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Flossing: A worthwhile resolution

People across the country have been making new resolutions. And a lot of those resolutions have to do with health. People want to lose weight. They want to work out more frequently. They want to go on a diet. Yes. A lot of people are making resolutions about what to put in their mouths — or what not to put in them. A new resolution to cut fried foods or cake out of your diet might be tricky.

Allow us to propose a simple resolution about something you should put in your mouth a lot more often than you probably do: floss.

According to a survey commissioned by the American Dental Association, only 50% of adults floss their teeth daily. (We’d be surprised if the actual number is that high.) About 30% of American adults floss less than once-a-day and nearly 20% admit that they never floss.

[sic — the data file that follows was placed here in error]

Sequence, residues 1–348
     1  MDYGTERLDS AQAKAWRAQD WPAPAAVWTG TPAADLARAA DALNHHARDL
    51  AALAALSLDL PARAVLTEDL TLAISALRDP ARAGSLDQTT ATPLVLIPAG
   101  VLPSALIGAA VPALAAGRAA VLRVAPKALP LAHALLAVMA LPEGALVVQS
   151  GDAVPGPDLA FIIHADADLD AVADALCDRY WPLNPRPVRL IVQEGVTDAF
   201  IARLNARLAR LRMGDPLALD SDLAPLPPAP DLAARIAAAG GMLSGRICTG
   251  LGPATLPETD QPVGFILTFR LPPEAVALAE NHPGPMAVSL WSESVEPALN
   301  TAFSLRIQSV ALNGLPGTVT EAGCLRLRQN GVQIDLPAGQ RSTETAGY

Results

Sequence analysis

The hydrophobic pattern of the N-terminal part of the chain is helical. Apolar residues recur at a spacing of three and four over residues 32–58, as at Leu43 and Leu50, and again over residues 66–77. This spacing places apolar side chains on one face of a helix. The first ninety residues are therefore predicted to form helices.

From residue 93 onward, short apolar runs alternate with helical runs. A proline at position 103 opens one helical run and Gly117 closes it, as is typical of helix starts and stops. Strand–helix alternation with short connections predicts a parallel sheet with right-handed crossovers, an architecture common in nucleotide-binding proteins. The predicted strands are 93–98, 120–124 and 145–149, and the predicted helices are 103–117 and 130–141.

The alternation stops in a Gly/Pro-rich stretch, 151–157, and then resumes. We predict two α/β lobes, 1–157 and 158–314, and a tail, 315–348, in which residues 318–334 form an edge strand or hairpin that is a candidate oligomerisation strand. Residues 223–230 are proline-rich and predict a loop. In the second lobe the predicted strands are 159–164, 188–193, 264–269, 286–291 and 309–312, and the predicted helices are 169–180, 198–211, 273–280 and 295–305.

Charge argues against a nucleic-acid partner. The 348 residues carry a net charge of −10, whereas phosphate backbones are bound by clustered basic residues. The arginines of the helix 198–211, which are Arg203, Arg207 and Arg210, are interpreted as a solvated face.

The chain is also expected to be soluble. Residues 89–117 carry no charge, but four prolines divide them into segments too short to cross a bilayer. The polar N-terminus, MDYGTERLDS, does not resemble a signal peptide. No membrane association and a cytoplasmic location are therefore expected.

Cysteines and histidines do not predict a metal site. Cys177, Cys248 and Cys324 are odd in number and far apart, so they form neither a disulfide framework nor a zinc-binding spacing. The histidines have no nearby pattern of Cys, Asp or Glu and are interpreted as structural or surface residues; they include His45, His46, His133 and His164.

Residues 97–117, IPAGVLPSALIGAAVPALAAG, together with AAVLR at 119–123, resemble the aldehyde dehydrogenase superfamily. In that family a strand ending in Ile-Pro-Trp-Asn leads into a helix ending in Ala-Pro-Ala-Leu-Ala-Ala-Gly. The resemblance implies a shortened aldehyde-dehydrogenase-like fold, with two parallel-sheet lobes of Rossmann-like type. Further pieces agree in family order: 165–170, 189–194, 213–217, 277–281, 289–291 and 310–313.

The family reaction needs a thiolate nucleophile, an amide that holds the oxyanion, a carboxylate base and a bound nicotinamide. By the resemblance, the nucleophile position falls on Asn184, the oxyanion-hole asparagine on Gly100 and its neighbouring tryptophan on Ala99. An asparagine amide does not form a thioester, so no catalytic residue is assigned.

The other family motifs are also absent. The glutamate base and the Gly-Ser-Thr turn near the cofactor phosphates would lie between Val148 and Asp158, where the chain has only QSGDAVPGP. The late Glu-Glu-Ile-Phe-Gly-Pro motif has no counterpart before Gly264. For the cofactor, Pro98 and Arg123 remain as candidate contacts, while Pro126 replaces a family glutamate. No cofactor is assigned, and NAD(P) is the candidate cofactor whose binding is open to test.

Most of us have room for improvement here. The ADA recommends flossing daily. A thorough daily flossing only takes a minute or two and can make a huge difference for your teeth and gums.

Some people think that because they don’t get food stuck between their teeth, they don’t need to floss. While floss is probably the best way to get those annoying popcorn kernels out from between your teeth, that’s not all it’s good for. In fact, that’s not even its primary purpose. Floss is much more important for removing the bacterial plaque that causes cavities than for any other purpose.

People who floss regularly (daily is best) have much healthier teeth than people who do not. Flossing prevents tooth decay, gum diseases such as gingivitis, and toothaches.

It’s definitely worth the minute or two it takes to floss every day (and you’ll bet faster with practice). So make a goal to floss every day. And then follow through. You’ll be glad you did.